Thursday, December 11, 2014

Cook's Cook

The Cook's Cook is a free high quality magazine and featuring an article about Clotilde Dusoulier and I.  How Edible French came to be published. 
It features a family recipe of Chestnut mille Feuille that we call a "coupable" a "guilty" :) 
The article is page 39. 

Mag link:  http://www.thecookscook.com/emagazine/2014-12/html5/





Sunday, December 7, 2014

Baby it's cold outside

Temperatures are plumetting over here. Winter equals soups. Rich laurel, peppercorn, gingery vegetable soups for the heart and soul. Thickened with lentils, floury potatoes or bits of crusty bread. A splash of double cream or a spoonful of blue cheese.  Or some coconut milk for some added smooth exotic smell. All made in the lovely family "cocotte" or "caquelon". 





Friday, November 28, 2014

29 November 2014

tomorrow 29 November, I'll be with Clotilde Dusoulier at the English libray (WH Smith) Rue de Rivoli from 4 to 5:30pm for a book signing. Thrilled to get to meet readers and show some of the originals!


Sunday, November 2, 2014

Tomorrow is always new

As hard as a day can be I always go to sleep thinking tomorrow is a new gift. I know we are told to live in the moment. but there is something magical about the infinite possibilities in tomorrow. They are, today, just that, possibilities and we get to model them in our heads and dress them up or down as  our imagination wants. whether they come true or not the next day, at least we'll always have the possibilities of tomorrow!






Saturday, October 18, 2014

Happy Halloween-why do we dress as witches

HAPPY HALLOWEEN!

Halloween, All saints, Toussaint, Eid Al Adha, Shemini Atzeret what do they have in common?  Read on.....

This watercolour witch is riding a watercolour paintbrush....
Interestingly, halloween matches the French "Toussaint" where you traditionally go with your family to visit the tomb of your ancestors/departed family.  It involves a lot less candy.....

So why is this holiday asssociated with witches and grim reapers?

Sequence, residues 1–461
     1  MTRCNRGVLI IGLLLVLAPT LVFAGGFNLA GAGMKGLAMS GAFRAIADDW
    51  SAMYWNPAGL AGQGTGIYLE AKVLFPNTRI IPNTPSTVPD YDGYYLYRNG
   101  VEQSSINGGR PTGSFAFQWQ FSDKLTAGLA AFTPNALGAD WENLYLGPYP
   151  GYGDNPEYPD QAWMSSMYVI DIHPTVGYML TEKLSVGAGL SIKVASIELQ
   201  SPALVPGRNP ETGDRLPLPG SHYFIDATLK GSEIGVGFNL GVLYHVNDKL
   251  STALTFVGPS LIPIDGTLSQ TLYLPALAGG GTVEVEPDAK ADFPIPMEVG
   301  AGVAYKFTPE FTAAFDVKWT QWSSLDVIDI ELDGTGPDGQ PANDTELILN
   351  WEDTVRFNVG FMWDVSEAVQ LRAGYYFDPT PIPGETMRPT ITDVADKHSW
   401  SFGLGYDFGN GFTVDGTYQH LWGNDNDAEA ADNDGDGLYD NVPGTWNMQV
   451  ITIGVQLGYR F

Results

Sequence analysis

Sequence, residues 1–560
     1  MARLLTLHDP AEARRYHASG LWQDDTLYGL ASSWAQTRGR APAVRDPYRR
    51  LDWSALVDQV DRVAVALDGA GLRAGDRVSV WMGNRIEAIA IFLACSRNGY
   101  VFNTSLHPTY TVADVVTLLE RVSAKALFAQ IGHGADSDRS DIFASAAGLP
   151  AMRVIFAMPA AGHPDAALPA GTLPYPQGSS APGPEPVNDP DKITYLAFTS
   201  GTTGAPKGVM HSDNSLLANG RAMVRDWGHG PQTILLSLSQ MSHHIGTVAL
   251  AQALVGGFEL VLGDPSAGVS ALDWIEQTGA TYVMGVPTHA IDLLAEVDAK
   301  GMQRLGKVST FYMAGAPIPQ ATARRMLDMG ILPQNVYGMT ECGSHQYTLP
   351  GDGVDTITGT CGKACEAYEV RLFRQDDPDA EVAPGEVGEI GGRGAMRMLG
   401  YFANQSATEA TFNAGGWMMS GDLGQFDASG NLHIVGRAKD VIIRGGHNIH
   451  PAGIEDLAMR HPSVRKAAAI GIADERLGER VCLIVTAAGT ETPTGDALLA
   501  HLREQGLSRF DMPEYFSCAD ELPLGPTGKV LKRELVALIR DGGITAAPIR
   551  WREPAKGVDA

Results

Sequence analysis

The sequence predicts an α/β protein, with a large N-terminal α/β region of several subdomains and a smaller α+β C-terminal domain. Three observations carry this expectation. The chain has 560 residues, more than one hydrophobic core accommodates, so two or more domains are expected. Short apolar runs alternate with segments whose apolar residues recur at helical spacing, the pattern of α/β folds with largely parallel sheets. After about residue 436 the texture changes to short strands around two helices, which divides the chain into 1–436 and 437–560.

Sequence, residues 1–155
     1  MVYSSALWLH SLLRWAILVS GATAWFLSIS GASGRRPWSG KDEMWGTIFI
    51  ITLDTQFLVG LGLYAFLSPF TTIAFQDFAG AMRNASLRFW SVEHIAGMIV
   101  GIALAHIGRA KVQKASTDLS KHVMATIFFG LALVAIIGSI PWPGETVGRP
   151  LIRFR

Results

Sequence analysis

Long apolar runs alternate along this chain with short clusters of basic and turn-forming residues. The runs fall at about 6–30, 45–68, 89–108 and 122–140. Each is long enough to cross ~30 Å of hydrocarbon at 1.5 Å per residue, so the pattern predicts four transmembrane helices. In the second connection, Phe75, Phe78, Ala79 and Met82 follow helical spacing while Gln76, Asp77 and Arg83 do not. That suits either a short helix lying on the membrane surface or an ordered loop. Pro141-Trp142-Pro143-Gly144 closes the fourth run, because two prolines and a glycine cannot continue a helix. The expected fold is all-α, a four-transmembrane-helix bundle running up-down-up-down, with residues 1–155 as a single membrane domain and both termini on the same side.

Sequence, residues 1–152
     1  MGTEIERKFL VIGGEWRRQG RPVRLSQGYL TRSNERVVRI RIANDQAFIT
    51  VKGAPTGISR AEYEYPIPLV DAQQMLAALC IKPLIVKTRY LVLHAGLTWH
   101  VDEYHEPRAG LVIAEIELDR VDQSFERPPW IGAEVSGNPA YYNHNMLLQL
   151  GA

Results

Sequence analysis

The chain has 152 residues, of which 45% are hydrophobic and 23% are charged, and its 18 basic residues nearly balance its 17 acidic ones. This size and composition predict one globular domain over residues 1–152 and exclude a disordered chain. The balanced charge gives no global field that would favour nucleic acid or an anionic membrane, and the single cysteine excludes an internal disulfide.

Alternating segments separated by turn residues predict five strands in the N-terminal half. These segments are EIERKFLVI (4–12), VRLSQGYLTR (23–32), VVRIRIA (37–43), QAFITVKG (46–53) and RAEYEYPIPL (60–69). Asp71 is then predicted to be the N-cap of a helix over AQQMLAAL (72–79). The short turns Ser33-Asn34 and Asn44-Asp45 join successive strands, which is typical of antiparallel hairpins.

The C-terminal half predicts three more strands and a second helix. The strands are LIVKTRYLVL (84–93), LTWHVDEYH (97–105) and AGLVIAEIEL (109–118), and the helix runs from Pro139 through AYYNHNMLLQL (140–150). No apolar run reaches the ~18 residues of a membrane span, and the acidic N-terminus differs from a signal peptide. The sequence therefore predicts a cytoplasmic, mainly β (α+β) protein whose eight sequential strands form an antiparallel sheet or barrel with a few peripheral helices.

In astronomy, halloween represents the halfway point between the autumnal equinox and winter solstice, the last of four "cross-quarter" days on the solar calendar.  It was the end of the year, beginning of the new one for the celts. And in esoteric tradition the day of the year where the veil between the living and the dead is the thinnest. 

The Celts believed that at the time of Samhain, more so than any other time of the year, the ghosts of the dead were able to mingle with the living, because at Samhain the souls of those who had died during the year traveled into the otherworld. People gathered to sacrifice animals, fruits, and vegetables.

Shemini Atzeret in the Jewish religion is around the same time and marks the end of the year's weekly readings of the Torah (Five Books of Moses) in the synagogue, and the beginning of the new cycle of reading.
Eid Al-Adha for Muslims concludes the annual Hajj, or pilgrimage to Mecca. 
Many more religions have major celebration linked to end/beginning of year around Halloween.

We will be spending Halloween going around West Hampstead and Hampstead with a group of Pokemon dressed teenagers.  I guess it good that these happy teenagers don't really like to dress in ghoulish styles.  But I'll be sure to explain to them why they shouldn't look too cheerful when going to bed less the Hallloween spirits find them too delicious!  (That a good halloween scary story isn't it!)
I'll be dressed as a witch, like every year before!

(Cropped picture below to see better cheeks and ragged hat!)

Monday, October 13, 2014

Onion soup recipe

Now that we have a big family I tend to buy things in bulk.  As much as it can be considered "bulk" in a London supermarket.  


So what do you do for diner when you have several kilos of pink onions in a cupboard and nothing much else as far as fresh vegetables?  Onion soup.

In France it is a classic hang-over cure served for breakfast when the party is winding down.  
Here it was adapted from the traditonal clear broth recipe, with a roux start to give it body (and an optional glug of wine).





Saturday, September 20, 2014

Edible French Preview

We received yesterday the watercolor originals back from the Editor with the first hard copies of Edible French!  JOY! :)
Clotilde created a mini-site here with a preview.  It is on sale on Amazon.com or Amazon UK if you are so inclined and Anthropologie in the US is set to carry it.